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Research Article
Molecular Evolution Studies on Hepatitis C Virus based on NS5B Region

  Amjesh R1,2*      Achuthsankar S Nair1      Sugunan VS1   

1Department of Computational Biology and Bioinformatics University of Kerala, Thiruvananthapuram, India
2Deparment of Zoology, University College, Palayalam, Thiruvananthapuram, India

*Corresponding author: Amjesh R, Department of Computational Biology and Bioinformatics University of Kerala, Thiruvananthapuram, India, E-mail:


Hepatitis C Virus (HCV) infection is a major health problem that leads to cirrhosis and hepatocellular carcinoma. World over, more than 270-300 million people are estimated to be infected with the virus. HCV is a positive sense single stranded RNA virus and replicates within the cytoplasm of the hepatocyte using its own RNA dependent RNA polymerase (RdRp). RdRp does not have proof reading capacity, and hence generates mutants of the virus, resulting in a chronic infection, which ultimately ends in hepatocellular carcinoma. Such mutations have given rise to several genotypes, subtypes, strains and variants with significant difference in disease outcomes. The mutation rate varies among genotypes, subtypes, strains or even in different sites of the genome. Yet, the extent of heterogeneity is usually moderate, so that estimates of the time of divergence can be computed. The evolution of variants seems to be influenced by the genetic make-up and the immune response of the host and has geographical significance. Here we used phylogenetic analysis and Computational molecular dating techniques to conclude that the ancestral genotype is 7a and that it originated in Canada 363 years ago. Molecular dating was based on the fact that the rate of mutation across all evolutionary lineages is constant over time. Surprisingly, our analyses show that genotype 1d isolated from Canada 5 is the most recent with an evolutionary date of just 33 years. It is evident that HCV is still an emerging virus and demographical parameters seem to have a very strong influence in its evolution. We believe that this emphasizes the need for developing drugs that are customized to act against strains that evolve and become geographically endemic.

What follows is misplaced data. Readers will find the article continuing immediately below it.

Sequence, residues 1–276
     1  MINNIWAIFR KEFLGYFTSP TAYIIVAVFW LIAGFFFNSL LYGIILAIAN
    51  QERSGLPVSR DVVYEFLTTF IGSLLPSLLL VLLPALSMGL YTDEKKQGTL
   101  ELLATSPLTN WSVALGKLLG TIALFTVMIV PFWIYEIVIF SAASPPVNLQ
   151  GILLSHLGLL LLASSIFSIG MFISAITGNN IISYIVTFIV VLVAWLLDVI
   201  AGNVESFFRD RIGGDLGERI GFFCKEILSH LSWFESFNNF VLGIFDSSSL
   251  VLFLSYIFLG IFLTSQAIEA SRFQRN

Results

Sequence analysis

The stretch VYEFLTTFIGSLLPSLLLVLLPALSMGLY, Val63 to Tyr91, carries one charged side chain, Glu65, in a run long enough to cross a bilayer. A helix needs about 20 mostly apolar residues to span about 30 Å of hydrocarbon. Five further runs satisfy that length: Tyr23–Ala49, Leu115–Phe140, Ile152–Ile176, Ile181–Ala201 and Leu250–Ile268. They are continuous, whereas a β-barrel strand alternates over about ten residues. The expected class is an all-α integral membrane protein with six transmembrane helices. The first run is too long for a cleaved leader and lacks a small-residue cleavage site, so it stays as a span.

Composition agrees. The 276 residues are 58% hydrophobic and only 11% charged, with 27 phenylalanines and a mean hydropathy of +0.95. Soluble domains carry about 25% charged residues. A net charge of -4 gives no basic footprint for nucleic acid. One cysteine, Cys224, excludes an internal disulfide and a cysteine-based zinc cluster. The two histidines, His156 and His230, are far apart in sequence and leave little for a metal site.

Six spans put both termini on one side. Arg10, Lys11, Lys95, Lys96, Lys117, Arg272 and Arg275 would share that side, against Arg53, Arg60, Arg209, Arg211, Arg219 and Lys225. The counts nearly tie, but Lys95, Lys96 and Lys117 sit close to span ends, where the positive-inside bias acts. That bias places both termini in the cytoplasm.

Hepatitis C virus; RNA dependent RNA polymerase; Molecular evolution; Evolutionary distance.


Even though the Hepatitis C virus was discovered 25 years ago, its origin remained ambiguous as no closely related viruses have been identified. It infects only humans and in experimental conditions the chimpanzees too. Understanding the history of its evolution would give insight into pathogenicity and predicting its future evolutionary trend would help in formulating strategies to manage the newly emerging strains of the virus. It is very important to understand the origin and evolution of the virus as it has considerable medical significance not just for this disease, but also for other viral diseases. A chronology of the evolution through computed molecular dating techniques would also help in tracing the origin of the virus. Knowledge of viral diversity will help in determining the proper treatment regime for the long-term chronic infection as well as for developing successful anti-viral drugs. Molecular dating approach can also be extrapolated to forecast the evolution of newer strains of the virus.